Can taxation reduce inequality? Lessons from Ecuador

Aid, Economics, Governance

Has Ecuador managed to fight inequality using tax reforms? As we publish three case studies on reducing inequality using development finance, Susana Ruiz Rodriguez shares lessons from Ecuador.

Latin America and the Caribbean continues to be the most unequal region of the world. This is in spite of rates of growth and economic prosperity which have not been seen for a long time, especially in South America. 

Development finance and inequality case study jacket Public finance and taxation policies are not fulfilling their basic mission, that of channelling wealth to cover social needs. In the region as a whole, tax collection is too low and the tax regime is poorly
designed. Too low, because the weight of personal and corporate income tax is below what it could be and well below the average for other parts of the world. Poorly designed, because the greatest burden falls on the average earner or the poorest. 

Salaries and consumption are taxed, but not wealth. The result is a narrow tax base, with high levels of tax evasion and informal work, as well as discretional tax breaks which are not effective and don’t result in lasting investment or quality employment.

The great unresolved matter is how to bring about comprehensive tax reforms, “the mother of all reforms,” as Alicia Bárcena Executive Secretary of CEPAL (Comisión Económica para América Latina y el Caribe) said recently. 

Some countries have begun initiatives which are heading in the right direction and Ecuador is one of them. 

Various changes in the tax system have been brought about since Ecuador’s historic new constitution was established in 2008. The ultimate aim was not just an increase in the efficiency of the tax system, but for the system to be more progressive in its approach, in particular significantly rebalancing the collection of direct and indirect taxes. 

The commodities boom has also led to significant budgetary increases. Under the presidency of Rafael Correa and the country’s ‘return to democracy,’ revenues from oil tripled. Partly as a result of developments in the international oil market and partly thanks to changes to the tax system in relation to the extractive industries.

Social spending accounted for 34% of the total Ecuadorian public investment in 2010. The tax reforms, together with a historic process of debt reduction, and a better focus on expenditure, has also led to a substantial increase in social spending, accounting for 34% of the total public investment in 2010.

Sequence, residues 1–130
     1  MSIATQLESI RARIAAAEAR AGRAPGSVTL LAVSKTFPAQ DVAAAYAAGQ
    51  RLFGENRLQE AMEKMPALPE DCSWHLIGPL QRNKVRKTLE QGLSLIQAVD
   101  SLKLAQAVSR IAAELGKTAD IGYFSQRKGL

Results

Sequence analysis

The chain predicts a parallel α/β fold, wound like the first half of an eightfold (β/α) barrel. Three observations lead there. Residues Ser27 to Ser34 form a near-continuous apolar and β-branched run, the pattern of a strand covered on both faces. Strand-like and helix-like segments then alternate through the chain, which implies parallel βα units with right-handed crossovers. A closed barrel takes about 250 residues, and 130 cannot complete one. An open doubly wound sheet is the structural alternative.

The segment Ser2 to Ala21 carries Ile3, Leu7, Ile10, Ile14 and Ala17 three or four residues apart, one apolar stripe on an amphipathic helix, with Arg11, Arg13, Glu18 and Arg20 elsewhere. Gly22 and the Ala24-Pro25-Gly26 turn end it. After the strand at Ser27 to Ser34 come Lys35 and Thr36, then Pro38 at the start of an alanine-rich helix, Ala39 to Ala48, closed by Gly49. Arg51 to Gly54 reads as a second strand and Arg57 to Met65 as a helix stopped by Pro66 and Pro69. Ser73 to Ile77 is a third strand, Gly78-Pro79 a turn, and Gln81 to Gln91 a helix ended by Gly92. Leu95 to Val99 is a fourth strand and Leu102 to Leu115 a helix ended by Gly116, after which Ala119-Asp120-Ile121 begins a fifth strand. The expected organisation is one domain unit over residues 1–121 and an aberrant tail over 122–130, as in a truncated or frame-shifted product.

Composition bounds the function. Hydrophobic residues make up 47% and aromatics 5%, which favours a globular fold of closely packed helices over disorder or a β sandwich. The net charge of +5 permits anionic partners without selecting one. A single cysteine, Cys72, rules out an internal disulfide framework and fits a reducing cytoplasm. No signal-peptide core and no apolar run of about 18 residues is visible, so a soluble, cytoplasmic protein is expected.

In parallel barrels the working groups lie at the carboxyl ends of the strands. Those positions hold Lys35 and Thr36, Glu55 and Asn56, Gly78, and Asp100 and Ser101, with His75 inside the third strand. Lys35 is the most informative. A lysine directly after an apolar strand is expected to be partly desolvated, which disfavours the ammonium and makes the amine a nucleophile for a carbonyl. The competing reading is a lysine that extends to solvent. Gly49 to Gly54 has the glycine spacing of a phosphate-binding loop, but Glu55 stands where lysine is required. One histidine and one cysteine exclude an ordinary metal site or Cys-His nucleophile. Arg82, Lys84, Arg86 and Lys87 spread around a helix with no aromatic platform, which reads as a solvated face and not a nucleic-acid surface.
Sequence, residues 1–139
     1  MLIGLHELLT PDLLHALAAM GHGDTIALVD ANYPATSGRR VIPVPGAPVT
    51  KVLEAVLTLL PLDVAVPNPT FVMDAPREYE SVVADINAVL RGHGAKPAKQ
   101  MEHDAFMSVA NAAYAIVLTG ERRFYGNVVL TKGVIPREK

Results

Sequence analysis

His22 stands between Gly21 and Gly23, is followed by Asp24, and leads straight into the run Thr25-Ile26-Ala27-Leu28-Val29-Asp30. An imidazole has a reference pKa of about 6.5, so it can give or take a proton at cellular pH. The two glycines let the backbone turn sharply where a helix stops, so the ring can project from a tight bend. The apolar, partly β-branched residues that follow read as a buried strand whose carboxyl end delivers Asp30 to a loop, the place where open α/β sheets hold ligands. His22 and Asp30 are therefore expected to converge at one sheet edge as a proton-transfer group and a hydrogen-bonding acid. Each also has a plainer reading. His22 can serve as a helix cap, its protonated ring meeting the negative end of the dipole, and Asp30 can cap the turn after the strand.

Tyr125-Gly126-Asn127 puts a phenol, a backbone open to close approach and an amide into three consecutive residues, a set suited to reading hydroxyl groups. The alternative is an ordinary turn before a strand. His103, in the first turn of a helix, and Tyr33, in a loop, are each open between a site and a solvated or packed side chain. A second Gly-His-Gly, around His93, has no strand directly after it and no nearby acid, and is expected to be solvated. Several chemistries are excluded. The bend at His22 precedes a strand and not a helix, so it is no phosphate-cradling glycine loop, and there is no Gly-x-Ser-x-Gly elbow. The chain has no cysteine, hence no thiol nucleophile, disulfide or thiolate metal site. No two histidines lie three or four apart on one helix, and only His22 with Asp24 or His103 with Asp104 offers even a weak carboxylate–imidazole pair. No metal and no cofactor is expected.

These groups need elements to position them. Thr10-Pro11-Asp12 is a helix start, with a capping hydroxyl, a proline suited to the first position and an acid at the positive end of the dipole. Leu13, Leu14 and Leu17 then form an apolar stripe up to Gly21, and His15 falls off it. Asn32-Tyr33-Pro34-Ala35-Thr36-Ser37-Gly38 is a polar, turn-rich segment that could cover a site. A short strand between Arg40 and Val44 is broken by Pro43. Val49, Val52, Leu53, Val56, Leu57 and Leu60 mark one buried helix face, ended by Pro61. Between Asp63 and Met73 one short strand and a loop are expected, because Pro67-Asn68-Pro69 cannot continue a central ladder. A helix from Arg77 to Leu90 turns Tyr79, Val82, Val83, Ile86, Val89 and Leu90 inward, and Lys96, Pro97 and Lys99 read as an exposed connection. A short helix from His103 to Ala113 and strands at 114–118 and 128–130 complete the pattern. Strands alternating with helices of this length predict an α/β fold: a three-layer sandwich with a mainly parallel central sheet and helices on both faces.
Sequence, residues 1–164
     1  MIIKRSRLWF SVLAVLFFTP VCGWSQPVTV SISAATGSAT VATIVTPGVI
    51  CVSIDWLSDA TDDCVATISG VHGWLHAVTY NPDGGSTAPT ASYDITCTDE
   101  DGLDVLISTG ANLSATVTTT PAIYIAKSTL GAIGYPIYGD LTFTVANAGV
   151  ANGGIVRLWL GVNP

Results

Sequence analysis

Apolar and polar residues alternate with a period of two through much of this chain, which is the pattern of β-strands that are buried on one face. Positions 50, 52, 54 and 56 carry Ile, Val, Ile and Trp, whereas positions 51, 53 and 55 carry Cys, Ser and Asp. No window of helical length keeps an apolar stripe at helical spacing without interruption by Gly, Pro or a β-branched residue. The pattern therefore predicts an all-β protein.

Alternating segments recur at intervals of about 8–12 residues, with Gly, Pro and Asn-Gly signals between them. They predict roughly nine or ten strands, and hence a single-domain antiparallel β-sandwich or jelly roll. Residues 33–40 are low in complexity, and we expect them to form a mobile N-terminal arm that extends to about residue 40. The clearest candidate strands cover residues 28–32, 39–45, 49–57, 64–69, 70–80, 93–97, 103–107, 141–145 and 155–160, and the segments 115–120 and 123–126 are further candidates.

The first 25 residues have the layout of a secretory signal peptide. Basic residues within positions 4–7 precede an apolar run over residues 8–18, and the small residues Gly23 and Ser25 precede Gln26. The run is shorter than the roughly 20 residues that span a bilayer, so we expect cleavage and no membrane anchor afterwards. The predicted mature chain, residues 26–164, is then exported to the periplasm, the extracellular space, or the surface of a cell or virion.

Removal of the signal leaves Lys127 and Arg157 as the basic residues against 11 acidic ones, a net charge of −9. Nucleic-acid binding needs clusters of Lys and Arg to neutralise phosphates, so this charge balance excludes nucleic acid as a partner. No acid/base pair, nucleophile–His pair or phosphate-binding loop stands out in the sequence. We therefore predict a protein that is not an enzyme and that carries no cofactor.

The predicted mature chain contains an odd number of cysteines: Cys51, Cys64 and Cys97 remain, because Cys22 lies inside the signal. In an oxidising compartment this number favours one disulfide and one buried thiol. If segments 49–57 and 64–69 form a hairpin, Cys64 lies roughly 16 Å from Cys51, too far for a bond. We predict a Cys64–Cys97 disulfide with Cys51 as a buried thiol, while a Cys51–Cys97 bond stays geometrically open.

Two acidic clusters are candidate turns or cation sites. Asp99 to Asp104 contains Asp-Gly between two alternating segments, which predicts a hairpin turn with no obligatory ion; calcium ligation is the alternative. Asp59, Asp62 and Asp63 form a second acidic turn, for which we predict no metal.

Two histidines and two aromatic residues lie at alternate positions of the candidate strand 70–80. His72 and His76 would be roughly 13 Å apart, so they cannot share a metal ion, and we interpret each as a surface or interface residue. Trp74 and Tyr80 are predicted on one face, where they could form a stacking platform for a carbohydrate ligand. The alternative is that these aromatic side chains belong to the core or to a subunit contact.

Health and education budgets have tripled in the last five years. But such a rapid increase in public expenditure without adequate growth mechanisms and with very high expectations from the public led to some failures, especially in hospital services. The primary health network continues to be below standard, especially in rural areas.  

The increase in investment has resulted in an overall reduction of inequality in urban areas, but there are still clear failings in rural areas.

Ecuador is proof that tax systems are above all the result of political will. In 2008, the new constitutional mandate led to a fairer and more equitable tax system, an ambitious example of how the economy can serve a social vision. 

But, despite political will, social focus and an increase in resources, significant gaps and serious challenges remain in Ecuador. It is still essentially, a country with oil revenues and major industrial concentrations so high that, in many sectors, one or two businesses control up to 80% of the market. 

In fact, now that President Correa has been re-elected with a resounding majority (92% of seats in the Assembly belong to his party Alianza Pais) he has recently announced reforms of the economic and productive matrix which will be accompanied by new tax reforms. It remains to be seen what form they will take, but they should include a combination of structural changes to industrial policies, together with the outstanding fundamental advances in tax reforms, like making personal income taxes more progressive or increasing taxes on
unearned income (capital and property taxes).

The key issue is whether there is political will to bring about fiscal reforms that will contribute towards redefining the model of development and of society. Taxation is after all a reflection of the government’s orientation which defines the extent of the redistribution of national resources, and justice over land ownership, as well as generational and social justice. Pushing forward fiscal reforms with a focus on equality and redistribution is what marks the difference between a government which places sustainable and social development above the privileges of the traditional
elite.

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Author: Susana Ruiz Rodriguez
Archive blog. Originally posted on Oxfam Policy & Practice.